Anti-SLAPP laws rely on a flawed theory. In reality, deep-pocketed interest groups like the cattlemen who sued Oprah aren’t deterred by the potential expense of having to pay the defendant’s legal fees. Moreover, the statutes are extremely confusing, featuring more exceptions to exceptions than French grammar. Moreover, anti-SLAPP asks judges to act against their very nature; for example, judges are not supposed to assess the evidence, but simply take everything the plaintiff says at face value. In case after case, judges simply can’t help themselves.

Judges are gonna judge.

Which is how Simmons, the gay icon, wound up on the hook for $122,000, forced to pay a newspaper that lied about him, that oppressed him, that common sense says owes him an apology and a retraction, as a martyr to transgender rights. Los Angeles Superior Court Judge Gregory Keosian ruled that Simmons falsely being declared a woman did not expose him to “hatred, contempt, ridicule or obloquy,” so no more defamation occurred than if they had falsely described the color of his clothes.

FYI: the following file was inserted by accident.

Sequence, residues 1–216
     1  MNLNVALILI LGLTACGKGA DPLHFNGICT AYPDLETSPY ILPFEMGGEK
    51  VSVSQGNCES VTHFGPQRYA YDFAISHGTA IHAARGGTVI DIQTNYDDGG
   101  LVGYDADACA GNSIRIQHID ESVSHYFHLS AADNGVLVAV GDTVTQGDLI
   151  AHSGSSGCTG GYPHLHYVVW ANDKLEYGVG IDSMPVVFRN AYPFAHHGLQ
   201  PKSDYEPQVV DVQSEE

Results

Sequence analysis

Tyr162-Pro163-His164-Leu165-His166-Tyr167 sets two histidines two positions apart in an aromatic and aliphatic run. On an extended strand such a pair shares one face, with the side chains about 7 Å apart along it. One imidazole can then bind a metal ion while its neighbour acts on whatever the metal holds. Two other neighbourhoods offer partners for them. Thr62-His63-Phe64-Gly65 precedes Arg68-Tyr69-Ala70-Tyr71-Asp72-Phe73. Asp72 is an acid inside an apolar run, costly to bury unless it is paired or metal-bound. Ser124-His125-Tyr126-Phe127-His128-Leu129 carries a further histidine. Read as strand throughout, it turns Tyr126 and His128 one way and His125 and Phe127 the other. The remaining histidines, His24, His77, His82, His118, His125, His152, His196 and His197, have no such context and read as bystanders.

“While, as a practical matter, the characteristic may be held in contempt by a portion of the population, the court will not validate those prejudices by legally recognizing them,” Keosian ruled.

If Simmons loses his appeal, California’s Court of Appeals will order him to pay the publications even more money.

To most people, Simmons’ case is a mere judicial curio. Not for me. I’ve taken an interest in anti-SLAPP laws since 2016. That was when the Los Angeles Times, defended by the same lawyers as the National Enquirer, filed a California anti-SLAPP motion against me. I had sued the Times for defaming me in a pair of articles they ran as a favor to the Los Angeles Police Department, which I had criticized as the paper’s editorial cartoonist, by falsely accusing me of lying and fabulism.